At the time the Gieses were resident, Maiden boasted seven general and clothing stores, a blacksmith, two barbers, several banks, a feed stable and eight saloons.  Among those drinking establishments was one run by Richard Gies, whose tin bar token is marked with his name stamped on one side and “Maiden” on the other.  There also was a Gies Meat Market and Bakery in town, likely Charles’ enterprise.  One account indicates that he may also have run a restaurant.

As gold deposits in the area began to play out,  the Gies brothers had the foresight to see that Maiden was a rapidly diminishing economy.  By 1896 only about 200 residents remained.  Earlier they had looked down the road to a place called Great Falls that quickly was becoming a thriving industrial and supply center, boasting ample hydroelectric power and a stop on the Great Northern Railway.  Shown here on a map of 1891, Great Falls seemed destined to become one of Montana’s larger cities. Leaving Vincent behind in Maiden, the Gieses took their energies and savings there in the mid-1880s.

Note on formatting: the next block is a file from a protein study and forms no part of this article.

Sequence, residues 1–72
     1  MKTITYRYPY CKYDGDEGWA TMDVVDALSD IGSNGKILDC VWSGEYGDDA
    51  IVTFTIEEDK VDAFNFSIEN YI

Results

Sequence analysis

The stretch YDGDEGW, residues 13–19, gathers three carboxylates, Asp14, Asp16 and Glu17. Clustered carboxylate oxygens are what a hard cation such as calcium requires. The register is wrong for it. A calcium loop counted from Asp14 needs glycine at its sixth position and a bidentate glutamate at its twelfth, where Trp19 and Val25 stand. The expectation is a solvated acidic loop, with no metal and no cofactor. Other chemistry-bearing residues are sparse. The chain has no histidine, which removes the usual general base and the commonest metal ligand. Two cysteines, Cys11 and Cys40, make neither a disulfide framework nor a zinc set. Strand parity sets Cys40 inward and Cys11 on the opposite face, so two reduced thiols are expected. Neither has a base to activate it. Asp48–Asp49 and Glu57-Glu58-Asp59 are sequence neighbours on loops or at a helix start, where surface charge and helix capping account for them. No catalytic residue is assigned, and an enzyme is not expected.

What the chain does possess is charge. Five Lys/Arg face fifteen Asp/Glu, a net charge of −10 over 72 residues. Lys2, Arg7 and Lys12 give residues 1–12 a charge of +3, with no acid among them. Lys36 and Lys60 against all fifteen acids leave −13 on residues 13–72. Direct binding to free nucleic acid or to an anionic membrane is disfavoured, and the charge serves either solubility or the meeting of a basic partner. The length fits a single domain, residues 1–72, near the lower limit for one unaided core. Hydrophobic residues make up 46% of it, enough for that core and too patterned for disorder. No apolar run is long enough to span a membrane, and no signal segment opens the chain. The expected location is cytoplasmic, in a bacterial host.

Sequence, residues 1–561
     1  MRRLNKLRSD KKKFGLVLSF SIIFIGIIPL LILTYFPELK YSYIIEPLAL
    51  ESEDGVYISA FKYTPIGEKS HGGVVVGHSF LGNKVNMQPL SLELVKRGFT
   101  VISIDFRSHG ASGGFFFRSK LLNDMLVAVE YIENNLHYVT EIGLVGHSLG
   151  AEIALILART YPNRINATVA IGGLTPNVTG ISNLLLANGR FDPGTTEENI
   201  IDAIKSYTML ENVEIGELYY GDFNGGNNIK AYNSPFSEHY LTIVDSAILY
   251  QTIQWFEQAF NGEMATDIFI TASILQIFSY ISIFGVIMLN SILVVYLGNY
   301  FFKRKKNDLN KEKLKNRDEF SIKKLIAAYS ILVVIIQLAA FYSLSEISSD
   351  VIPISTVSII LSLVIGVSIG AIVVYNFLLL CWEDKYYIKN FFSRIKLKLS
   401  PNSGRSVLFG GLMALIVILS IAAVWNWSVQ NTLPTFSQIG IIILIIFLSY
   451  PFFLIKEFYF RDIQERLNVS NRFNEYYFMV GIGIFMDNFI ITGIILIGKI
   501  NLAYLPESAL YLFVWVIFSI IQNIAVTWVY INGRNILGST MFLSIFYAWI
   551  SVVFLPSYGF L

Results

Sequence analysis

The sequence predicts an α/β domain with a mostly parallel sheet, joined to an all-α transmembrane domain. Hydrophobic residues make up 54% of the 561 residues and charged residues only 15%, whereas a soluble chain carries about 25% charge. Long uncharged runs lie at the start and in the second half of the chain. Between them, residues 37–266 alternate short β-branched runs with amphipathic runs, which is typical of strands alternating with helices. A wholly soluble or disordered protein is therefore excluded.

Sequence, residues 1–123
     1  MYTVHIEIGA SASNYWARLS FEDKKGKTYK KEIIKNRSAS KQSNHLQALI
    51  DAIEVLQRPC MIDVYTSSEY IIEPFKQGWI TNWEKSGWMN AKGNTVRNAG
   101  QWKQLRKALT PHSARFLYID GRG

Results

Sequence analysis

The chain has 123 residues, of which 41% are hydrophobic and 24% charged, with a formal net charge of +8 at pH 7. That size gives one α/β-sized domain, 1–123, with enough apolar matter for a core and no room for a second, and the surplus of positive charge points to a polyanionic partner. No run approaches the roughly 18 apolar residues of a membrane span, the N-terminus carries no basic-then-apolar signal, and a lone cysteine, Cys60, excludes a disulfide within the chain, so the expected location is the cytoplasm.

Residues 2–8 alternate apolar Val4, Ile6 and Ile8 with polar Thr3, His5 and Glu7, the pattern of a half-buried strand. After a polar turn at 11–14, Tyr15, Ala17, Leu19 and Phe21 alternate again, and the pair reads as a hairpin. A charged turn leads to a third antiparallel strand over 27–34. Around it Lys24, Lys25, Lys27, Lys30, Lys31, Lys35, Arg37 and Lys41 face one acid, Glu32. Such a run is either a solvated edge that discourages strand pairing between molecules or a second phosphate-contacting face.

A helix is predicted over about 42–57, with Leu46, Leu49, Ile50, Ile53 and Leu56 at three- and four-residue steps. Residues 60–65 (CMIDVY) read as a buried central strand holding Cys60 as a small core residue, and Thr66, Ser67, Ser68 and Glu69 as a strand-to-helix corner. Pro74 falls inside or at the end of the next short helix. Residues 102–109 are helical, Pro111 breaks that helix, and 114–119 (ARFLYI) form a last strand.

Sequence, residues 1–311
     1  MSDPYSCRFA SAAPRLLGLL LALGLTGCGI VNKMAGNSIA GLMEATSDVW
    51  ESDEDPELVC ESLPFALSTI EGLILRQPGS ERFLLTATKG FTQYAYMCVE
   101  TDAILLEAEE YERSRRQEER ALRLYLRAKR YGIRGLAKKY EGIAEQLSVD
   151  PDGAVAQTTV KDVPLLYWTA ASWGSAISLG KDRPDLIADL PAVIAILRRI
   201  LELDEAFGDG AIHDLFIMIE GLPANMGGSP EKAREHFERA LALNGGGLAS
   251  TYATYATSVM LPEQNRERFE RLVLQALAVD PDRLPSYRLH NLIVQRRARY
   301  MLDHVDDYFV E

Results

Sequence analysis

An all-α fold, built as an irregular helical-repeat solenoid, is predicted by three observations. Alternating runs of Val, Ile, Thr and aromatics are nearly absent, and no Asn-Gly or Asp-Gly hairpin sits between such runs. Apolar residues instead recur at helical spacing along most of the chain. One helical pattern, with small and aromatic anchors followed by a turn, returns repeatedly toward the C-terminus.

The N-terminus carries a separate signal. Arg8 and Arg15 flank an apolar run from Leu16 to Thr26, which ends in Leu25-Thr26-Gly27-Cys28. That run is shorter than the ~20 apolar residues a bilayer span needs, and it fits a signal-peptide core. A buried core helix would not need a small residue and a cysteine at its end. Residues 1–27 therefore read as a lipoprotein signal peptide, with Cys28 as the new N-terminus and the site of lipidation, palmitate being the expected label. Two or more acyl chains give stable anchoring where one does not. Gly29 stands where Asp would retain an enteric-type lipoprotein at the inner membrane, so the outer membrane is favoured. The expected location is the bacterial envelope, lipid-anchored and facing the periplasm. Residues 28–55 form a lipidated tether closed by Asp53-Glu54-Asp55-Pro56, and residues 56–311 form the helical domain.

Charles Gies may have been the first to open a business.  In July 1888 he is said to have begun a bakery and pursued selling bread and pastries, apparently with success for four years.  In 1896, however, he apparently concluded that another occupation would be more rewarding.  Selling his baking factory and store, he formed a partnership with a local, Frank Glab, in the wholesale liquor business.
According to their letterhead of 1898, Glab & Gries Co. also were selling cigars and were “bottlers of all kinds of mineral and soda waters.”   The brands of whiskey the company advertised indicated that they were getting national brands by railway from the East.  Those included “Our Pride,” from J. & E. Freiberg of Cincinnati and “Old Hume.” from Humphrey-Staff of St. Louis.  In addition, they were bottling and labeling a proprietary brand they called “G & G Monongahela,” indicating a Pennsylvania origin.